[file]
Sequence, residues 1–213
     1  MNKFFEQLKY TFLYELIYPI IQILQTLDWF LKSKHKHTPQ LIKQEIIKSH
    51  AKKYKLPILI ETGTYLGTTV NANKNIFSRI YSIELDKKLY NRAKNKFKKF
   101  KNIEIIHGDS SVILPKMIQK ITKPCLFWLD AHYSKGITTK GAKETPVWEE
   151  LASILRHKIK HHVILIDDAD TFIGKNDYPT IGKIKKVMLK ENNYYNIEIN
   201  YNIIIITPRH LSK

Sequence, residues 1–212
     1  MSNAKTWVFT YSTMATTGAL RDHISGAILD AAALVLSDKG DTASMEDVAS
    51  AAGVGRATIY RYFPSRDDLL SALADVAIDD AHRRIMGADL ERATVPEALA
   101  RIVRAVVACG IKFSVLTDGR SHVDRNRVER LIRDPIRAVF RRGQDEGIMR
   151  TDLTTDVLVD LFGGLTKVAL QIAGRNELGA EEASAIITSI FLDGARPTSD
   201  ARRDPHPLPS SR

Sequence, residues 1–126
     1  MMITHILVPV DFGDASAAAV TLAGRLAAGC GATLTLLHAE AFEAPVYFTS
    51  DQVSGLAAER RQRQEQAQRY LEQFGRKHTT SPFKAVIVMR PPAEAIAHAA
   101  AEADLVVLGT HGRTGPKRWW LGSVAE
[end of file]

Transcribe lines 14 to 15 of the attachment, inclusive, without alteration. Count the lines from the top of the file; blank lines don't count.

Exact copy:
     1  MMITHILVPV DFGDASAAAV TLAGRLAAGC GATLTLLHAE AFEAPVYFTS
    51  DQVSGLAAER RQRQEQAQRY LEQFGRKHTT SPFKAVIVMR PPAEAIAHAA